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I couldn't see using roofing nails, as the heads are more likely to pop from leverage. I've never seen anyone use roofing nails here.
They are approved and hold so much better. I see your point about the occasional pop but really it's not an issue. Sinking a 2 3/16 to far and overlooking it is more common I'd say.

With a roofer nail you really get great holding power with such a wide head. Plus you can crank the pressure up on the compressor and not have anywhere near the issues with properly getting the nails set.
 

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thesidingpro said:
They are approved and hold so much better. I see your point about the occasional pop but really it's not an issue. Sinking a 2 3/16 to far and overlooking it is more common I'd say. With a roofer nail you really get great holding power with such a wide head. Plus you can crank the pressure up on the compressor and not have anywhere near the issues with properly getting the nails set.
And faster, good lord, MUCH MUCH faster!

image-2125606205.jpg
 

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thesidingpro said:
Yes it is much faster. That first piece should be up 2" from that roof at the bottom. :)
Good eye! The first COURSE, is only 1/2" gap, but looks vs. the chances of this customer living here long enough for a warranty claim = make it pretty and come back in 5 years for one piece...(COURSE) :)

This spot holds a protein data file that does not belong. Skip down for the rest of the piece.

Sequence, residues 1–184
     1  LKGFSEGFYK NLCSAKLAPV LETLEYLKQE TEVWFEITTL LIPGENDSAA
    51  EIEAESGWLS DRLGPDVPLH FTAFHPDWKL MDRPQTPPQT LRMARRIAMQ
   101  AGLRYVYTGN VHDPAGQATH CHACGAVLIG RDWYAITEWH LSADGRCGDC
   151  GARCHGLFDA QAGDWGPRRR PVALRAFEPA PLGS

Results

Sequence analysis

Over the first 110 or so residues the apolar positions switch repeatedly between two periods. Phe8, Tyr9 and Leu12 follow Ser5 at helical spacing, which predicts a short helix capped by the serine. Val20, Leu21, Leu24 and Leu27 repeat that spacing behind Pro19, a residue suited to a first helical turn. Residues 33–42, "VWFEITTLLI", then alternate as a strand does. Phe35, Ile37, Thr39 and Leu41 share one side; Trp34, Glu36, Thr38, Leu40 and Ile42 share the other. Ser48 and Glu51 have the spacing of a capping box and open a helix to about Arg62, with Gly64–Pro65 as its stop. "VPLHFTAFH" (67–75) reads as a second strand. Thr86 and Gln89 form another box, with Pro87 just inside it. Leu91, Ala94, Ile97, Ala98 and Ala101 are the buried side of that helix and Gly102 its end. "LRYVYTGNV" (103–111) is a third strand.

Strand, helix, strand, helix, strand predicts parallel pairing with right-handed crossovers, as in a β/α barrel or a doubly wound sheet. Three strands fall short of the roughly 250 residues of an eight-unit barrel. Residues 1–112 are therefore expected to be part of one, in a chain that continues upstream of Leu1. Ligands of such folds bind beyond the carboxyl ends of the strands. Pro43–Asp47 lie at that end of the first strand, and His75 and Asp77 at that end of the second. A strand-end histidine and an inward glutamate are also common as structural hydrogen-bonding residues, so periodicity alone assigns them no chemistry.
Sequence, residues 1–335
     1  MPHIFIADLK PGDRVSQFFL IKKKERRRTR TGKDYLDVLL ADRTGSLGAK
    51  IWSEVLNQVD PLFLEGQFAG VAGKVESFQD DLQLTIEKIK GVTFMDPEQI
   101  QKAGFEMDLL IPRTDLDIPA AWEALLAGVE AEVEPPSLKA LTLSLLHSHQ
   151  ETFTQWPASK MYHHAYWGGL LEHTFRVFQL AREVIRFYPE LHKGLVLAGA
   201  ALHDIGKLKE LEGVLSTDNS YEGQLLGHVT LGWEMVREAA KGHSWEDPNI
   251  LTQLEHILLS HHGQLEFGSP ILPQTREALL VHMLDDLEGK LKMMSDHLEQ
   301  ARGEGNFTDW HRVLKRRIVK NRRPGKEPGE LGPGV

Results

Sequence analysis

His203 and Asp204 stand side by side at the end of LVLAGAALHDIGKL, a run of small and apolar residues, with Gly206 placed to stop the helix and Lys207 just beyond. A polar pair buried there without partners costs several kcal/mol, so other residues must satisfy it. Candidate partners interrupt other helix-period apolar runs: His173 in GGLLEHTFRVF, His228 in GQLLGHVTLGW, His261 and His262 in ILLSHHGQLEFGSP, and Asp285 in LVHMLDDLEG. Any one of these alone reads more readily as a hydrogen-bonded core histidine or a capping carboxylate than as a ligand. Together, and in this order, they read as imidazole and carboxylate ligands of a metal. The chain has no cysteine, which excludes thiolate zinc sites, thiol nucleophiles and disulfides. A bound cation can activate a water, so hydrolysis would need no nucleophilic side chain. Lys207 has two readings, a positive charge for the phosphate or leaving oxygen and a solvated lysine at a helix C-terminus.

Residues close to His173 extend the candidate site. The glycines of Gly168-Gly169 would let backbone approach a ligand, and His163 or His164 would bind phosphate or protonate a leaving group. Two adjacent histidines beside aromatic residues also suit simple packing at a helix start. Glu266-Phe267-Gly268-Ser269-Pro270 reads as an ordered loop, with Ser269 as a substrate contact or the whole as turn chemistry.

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WBailey1041 said:
Good eye! The first COURSE, is only 1/2" gap, but looks vs. the chances of this customer living here long enough for a warranty claim = make it pretty and come back in 5 years for one piece...(COURSE) :)
When you go back change out that wavy roof to wall flash too
 

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Good eye! The first COURSE, is only 1/2" gap, but looks vs. the chances of this customer living here long enough for a warranty claim = make it pretty and come back in 5 years for one piece...(COURSE) :)
So you're that guy. If you put a nice looking piece of flashing it would like just as good and be installed properly.
 

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Good eye! The first COURSE, is only 1/2" gap, but looks vs. the chances of this customer living here long enough for a warranty claim = make it pretty and come back in 5 years for one piece...(COURSE) :)
But.... how much harder would it have been to do it right the first time?

Just sayin.... :whistling
 

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I was always under the impression the wire that holds the roofing nail coil together, will rust over time. We only use SS coils. Can lead to streaks.

What's up with using a piece of Azek painted to match the siding or counterflashing to keep it off the roof. Maybe pull that last course and hide the roof to wall flash, just my opinion.
Also, why the two butt joints like 6 in or less stacked up.